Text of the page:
Club thread moves fast; that's nice!
Anyway, no prob! Currently, Serebii's still saying a nebulous October 2013, so I can add that to the deadline list for now until we get a more solid date for you.
Also, as a general note! Yep, I have indeed been updating the first post these past couple of days. Sorry about the zero response, guys. Failed miserably at the whole "having energy" bit, but hopefully, now that we've passed Wednesday, I'll be a little more active. b)'')b But! If you see your name in the members' list (which, yes, is actually totally intended on being punctuated that way, by the by), you can consider yourself in.
That being said, probably will end up replying to the topics I've missed in length, but I at least want to get a crack at this latest one because it's completely irresistible (because hell yes character building).
How do you portay romance correctly in your stories?
By remembering that characters are people, not relationships. *le nod*
That being said, to start things off, I'd like to say that I agree with a lot of what's already been said about romance. Lots of people these days tend to hear the word "romance" and instantly think "kissy kissy heart heart heart" kind of thing. Or worse, they think of whatever Twilight thinks love is. But romance is about more than just love, and there's more than one type of love anyway. Granted, I have a tendency to think there's more types of love out there than what Kutie Pie's brought up, although she's definitely correct in saying that it's possible to be friends and consider that a type of love itself. It's just that there's also different levels, and then the whole shebang becomes a massively complex mess of emotions and varying shades of loyalty. There's of course a difference between a love and loyalty you have towards a friend and a love and loyalty you have towards someone who's more than your best friend but still completely platonic. I guess you would say it's the difference between bros and regular ol' drinking buddies? And hey, depending on your time period, different levels really were a thing.
Rambling aside, what I'm trying to say is there's different ways of going about portraying love, but the main thing to keep in mind is that people are very rarely consumed by their relationships. It's a trap a lot of romance authors fall into, but the secret is really that simple. Keep reminding yourself that these characters should exist outside of their relationships. They should be their own realized individuals, with their own personalities, interests, and so forth. Sure, there are couples in media that aren't like that (How I Met Your Mother's Marshall and Lily, anyone?), but these... tend to be seen more as parodies of couples than of actual couples. If you have that kind of relationship up front and center and serious, then you come off as more than a little cheesy.
Once you remember that these characters are separate entities from each other, then you start getting into building the way they would interact with one another by taking their separate personalities and interests and figuring out where they fit together. Like a puzzle, basically. Or... like any other interaction you write in a fic. Not to mean that bitingly, of course. It's just that there's a lot you can learn just by comparing the romance to every other relationship in your fic. Figuring out how your characters would interact with someone they don't maintain a strong bond with will help you figure out how they'd interact with someone who does have that strong bond with them.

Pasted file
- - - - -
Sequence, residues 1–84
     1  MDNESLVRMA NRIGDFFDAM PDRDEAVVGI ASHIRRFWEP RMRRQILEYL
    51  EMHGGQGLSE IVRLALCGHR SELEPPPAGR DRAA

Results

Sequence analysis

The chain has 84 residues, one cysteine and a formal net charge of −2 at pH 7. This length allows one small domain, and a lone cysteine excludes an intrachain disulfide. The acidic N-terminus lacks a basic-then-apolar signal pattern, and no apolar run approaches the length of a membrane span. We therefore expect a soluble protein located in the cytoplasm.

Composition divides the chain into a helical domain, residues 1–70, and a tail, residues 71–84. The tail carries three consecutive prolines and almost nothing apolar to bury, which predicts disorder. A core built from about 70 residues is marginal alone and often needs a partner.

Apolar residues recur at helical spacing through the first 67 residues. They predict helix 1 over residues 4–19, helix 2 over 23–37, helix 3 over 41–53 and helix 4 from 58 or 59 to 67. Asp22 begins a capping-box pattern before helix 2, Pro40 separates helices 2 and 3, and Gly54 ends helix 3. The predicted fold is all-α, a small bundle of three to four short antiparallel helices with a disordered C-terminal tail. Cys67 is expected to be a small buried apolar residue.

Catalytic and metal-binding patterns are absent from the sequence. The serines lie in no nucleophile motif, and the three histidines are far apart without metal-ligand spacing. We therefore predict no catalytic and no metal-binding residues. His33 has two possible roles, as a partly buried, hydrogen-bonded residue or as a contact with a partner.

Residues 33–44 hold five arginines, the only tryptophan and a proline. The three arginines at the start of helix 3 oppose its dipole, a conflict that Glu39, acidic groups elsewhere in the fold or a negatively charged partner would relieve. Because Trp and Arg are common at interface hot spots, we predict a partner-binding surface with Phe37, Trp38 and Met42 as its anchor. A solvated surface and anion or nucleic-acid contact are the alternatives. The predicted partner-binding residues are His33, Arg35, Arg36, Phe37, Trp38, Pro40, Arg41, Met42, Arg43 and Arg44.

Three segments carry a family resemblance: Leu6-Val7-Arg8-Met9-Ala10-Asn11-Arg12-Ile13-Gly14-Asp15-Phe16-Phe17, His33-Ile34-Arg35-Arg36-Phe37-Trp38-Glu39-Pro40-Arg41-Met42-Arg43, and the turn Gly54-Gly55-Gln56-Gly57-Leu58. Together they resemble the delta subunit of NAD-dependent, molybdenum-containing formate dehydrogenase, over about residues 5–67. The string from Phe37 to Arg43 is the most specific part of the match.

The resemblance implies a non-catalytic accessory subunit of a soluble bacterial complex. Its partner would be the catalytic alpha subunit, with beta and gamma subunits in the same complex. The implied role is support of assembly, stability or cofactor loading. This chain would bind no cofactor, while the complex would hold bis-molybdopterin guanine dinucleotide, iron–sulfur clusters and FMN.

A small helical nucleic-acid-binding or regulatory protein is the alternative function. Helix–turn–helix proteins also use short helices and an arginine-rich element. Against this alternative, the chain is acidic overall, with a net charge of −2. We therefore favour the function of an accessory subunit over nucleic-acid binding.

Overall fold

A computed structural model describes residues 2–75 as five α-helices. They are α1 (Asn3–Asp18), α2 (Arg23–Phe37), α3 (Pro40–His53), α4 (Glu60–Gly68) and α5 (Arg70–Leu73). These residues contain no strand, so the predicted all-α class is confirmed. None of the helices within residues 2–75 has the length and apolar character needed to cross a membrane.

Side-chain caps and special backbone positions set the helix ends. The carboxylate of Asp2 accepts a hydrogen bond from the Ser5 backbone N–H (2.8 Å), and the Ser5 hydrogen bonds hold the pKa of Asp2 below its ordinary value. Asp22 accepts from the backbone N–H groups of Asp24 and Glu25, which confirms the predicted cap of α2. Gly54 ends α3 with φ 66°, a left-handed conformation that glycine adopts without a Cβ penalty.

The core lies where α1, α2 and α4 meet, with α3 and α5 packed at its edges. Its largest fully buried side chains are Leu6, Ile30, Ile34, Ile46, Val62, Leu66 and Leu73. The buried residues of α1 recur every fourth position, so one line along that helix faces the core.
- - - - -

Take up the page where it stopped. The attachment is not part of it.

Really, in general, looking at the characters as individual entities solves so many problems... for me, anyway. Writing the characters separate encourages one to think about their place in the overall web of the plot, rather than hone in on the fact that they're a couple first. That dodges the "plot takes a backseat" issue, but it also obviously helps solve the "characters become an amorphous blob of hormones" issue as well. 'Course, if the characters want to be amorphous blobs of hormones, you'll at least have enough on their separate personalities to figure out how that would work.
'Course, remembering that not all relationships have to be about eros probably helps too. You can, for example, be in a "friends with benefits" relationship. Or a significant-other-to-an-asexual relationship. Personally, though? I'm all for philia myself. Or to be more accurate, that weird, hazy, nebulous kind of relationship that we don't seem to have an accurate word for these days. Y'know, the one where you have two people who are incredibly close to one another to the point where "best friend" doesn't even really adequately define the strength and closeness of the relationship, but it's still totally platonic. I like to think "romantic friendship" might actually be the closest thing to what I'm talking about but that's more accurately a homosexual relationship in a time when that was a massive taboo.
Blargh, English. You and your complete failure to have words for finely defined concepts.
And one last note: I openly acknowledge that Butler was the best part of the Artemis Fowl series. *nods* Well, okay, to be fair, so was Artemis. When he wasn't being used as a mouthpiece for environmentalism, anyway. (Admittedly, I haven't read that lovely book with the love interest, so I'm not sure how hard I'd eat those words if/when I do. But I'll also give you that the slow death sounds incredible and creative, and I may or may not be thinking about powering through the series to get to that installment in general.)